Newsletter TDF 1/2004

Civilization caught between Mars and Parmalat

by Adriano Autino

Dear Coplanetaries, 

This year, although only just beginning, will be one in which at least some positive events will take place, in contrast to the tragedies which have afflicted the planet from 2001 to 2003; or at least there will be some very positive developments able to shake many earthlings of good will from their shell-shock. New resolutions can then be born. Positive decisions will allow people of goodwill to resume their journey, if not with enthusiasm, at least with the steadiness of who know that cannot surrender. The globalized economy is still in an unstable balance, on the edge of total collapse, but China and India have given us all a wake-up call. And the western world has responded, finally announcing new goals, in the only direction that can bring us out of the shoals of the closed world: upward, towards the opening of a true space economy. The successes of the Martian NASA and ESA automated probes, in these weeks, and presence of water on Mars, now surely serve as a good omen and encouragement, at the beginning of 2004. 

China has entered the exclusive astronautic club, from which - let's not forget - Europe is still an outsider, giving as of now no any sign of aiming to insert human space flight into its own strategies. India is qualifying increasingly as a leader in software production, at least as far as the Information Technology market is concerned. India is also becoming a world leader in Earth Resources monitoring from Space. We are not seeing, therefore, a "physiological" convective motion of mature technologies, passing from post-industrial to emergent countries: the emergent countries are directly aiming for technological leadership in leading edge sectors.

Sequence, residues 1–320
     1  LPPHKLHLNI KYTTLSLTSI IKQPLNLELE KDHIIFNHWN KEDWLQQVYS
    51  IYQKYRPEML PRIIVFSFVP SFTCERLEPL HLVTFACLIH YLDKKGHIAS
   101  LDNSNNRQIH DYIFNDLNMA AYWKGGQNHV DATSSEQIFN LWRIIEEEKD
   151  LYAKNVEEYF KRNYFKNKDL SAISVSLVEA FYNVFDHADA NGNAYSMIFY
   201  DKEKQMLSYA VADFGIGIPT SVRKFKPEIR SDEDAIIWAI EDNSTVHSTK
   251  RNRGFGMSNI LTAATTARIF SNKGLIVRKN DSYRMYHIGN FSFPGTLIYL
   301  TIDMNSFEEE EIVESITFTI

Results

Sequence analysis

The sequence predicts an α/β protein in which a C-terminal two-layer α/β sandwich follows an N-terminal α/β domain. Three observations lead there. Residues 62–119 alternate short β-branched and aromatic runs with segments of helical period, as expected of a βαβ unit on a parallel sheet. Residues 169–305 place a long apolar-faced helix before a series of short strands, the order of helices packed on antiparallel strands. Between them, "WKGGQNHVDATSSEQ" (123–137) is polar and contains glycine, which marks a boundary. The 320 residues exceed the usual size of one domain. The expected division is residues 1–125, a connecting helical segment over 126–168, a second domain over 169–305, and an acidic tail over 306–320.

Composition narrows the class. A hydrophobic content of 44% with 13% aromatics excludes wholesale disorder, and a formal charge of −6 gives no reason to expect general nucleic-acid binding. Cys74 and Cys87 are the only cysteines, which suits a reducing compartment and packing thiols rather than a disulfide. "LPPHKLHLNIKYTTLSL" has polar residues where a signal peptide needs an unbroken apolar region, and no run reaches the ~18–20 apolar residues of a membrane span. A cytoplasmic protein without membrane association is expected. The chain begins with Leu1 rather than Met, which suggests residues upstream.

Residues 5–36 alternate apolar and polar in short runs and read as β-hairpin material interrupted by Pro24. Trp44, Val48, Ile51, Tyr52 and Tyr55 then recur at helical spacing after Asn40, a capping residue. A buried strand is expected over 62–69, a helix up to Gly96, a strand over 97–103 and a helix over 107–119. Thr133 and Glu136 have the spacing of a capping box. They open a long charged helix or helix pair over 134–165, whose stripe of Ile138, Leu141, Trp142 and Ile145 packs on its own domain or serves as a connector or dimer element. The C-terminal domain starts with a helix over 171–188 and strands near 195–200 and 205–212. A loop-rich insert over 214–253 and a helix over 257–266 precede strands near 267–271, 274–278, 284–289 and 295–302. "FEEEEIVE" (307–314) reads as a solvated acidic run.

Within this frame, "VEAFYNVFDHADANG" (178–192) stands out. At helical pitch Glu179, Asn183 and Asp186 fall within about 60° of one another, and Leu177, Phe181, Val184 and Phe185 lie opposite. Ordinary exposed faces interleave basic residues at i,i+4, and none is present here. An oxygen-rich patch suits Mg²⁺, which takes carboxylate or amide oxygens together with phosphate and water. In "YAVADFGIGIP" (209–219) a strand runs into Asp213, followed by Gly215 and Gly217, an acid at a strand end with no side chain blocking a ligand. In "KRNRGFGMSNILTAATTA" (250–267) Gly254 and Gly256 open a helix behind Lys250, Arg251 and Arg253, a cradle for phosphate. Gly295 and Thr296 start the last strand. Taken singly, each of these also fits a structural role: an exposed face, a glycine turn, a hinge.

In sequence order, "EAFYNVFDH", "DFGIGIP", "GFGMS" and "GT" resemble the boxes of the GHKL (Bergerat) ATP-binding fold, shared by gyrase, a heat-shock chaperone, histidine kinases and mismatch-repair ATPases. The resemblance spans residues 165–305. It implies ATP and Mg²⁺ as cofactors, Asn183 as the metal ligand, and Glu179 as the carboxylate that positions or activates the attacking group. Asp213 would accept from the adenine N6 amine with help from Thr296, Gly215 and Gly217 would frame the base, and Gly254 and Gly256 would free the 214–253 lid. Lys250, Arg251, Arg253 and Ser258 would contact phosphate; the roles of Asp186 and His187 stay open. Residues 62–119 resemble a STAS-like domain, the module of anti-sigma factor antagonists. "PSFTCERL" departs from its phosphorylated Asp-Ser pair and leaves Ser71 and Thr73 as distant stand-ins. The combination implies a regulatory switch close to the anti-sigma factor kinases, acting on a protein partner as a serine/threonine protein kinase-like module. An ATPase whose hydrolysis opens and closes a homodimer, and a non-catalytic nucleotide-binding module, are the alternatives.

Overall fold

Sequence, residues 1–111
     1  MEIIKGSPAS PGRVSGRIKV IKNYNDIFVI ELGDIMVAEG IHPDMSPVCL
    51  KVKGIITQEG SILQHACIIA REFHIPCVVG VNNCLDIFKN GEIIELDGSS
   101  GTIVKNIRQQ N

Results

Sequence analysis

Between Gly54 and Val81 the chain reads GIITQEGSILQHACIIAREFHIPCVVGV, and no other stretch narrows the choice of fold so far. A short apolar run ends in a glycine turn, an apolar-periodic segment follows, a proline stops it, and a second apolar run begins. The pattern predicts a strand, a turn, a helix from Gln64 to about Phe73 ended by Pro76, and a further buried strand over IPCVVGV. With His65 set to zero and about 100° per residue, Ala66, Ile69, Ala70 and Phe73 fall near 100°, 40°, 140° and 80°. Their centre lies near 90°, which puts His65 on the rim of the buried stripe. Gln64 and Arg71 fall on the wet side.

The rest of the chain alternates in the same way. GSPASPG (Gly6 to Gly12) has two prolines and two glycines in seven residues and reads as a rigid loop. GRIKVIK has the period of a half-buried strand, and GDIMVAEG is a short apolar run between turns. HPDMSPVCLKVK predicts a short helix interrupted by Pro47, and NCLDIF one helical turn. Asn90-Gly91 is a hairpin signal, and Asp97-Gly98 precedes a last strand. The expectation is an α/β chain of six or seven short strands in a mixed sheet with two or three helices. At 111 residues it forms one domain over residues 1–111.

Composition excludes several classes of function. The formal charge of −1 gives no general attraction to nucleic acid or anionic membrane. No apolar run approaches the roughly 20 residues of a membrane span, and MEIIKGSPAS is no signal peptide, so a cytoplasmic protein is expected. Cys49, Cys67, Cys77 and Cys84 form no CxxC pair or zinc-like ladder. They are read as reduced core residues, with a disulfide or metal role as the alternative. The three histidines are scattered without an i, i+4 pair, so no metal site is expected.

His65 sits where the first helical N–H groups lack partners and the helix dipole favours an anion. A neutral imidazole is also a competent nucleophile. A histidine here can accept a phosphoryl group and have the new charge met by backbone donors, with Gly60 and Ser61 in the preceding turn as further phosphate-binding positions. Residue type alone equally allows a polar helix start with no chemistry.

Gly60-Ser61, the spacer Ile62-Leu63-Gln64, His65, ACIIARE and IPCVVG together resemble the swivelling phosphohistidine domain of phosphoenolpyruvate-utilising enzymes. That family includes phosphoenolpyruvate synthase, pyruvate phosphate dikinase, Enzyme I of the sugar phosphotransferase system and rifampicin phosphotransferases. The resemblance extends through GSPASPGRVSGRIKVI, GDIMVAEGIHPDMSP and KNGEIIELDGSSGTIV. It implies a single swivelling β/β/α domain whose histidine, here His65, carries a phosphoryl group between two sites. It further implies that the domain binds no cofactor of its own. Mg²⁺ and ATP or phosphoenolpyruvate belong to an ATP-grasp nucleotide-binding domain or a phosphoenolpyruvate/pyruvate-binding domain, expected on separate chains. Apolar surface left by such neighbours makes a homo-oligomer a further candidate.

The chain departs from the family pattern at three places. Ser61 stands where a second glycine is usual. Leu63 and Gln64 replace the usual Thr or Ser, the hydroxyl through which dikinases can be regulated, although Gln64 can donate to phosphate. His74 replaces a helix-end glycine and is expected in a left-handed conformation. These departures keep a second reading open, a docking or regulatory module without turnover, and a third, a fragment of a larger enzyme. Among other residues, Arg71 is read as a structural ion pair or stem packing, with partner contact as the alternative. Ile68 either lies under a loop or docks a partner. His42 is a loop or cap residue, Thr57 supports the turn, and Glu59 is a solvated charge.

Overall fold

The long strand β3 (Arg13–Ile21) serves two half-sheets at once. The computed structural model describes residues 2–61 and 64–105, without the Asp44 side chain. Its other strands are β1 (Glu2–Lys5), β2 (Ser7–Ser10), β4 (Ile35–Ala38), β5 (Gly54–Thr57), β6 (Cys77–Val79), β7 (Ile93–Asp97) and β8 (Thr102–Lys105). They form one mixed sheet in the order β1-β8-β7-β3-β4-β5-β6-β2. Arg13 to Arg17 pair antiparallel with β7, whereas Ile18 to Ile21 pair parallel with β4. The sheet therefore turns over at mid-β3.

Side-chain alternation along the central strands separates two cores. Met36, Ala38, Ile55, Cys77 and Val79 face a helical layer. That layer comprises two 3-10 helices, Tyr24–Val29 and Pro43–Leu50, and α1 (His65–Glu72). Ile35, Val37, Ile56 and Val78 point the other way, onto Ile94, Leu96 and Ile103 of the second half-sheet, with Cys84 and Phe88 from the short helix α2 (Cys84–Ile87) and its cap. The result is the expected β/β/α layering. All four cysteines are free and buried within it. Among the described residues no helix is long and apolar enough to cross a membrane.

If Europe and US do not decisively modernize their own philosophy, they will quickly pass into the group of former cultural leaders. This is not only a comparison among different economic or industrial philosophies. Globalisation has finally ignited a profound trial - we could say atavistic - of strength between the two great metaphysical systems: the western one, based on the Aristotelian dualism, with its natural flowering in the Enlightenment and in scientific rationalism; and the oriental one, not dualistic, which is able to contemplate very different and contrasted models, without always and in every cases wanting to identify a right way and a wrong way, without always choosing the one and rejecting the other. 

Italy has been a country, a rare case, which during the industrial age succeeded in managing to stay in the group of the seven most industrialized countries, although keeping its own cultural link with a millennial tradition, which is among the most ancient on the planet. A thread of continuity that, back in the centuries, ties us to Renaissance, to the Communes and the Naval Republics, to the great Roman Civilization; the whole strongly woven to the history of Christianity and of the Roman Catholic Church. Italy is also a Protagonist of the social passage from the industrial to the electronic age, with an SMEs sector among the most developed (85% of the national economy produced by SMEs); however, our Country risks a vertical involution today, in the maelstrom of a political and economic-industrial system that finally is paying for its own awful backwardness. 

An enormous, and motivated, drive for ethics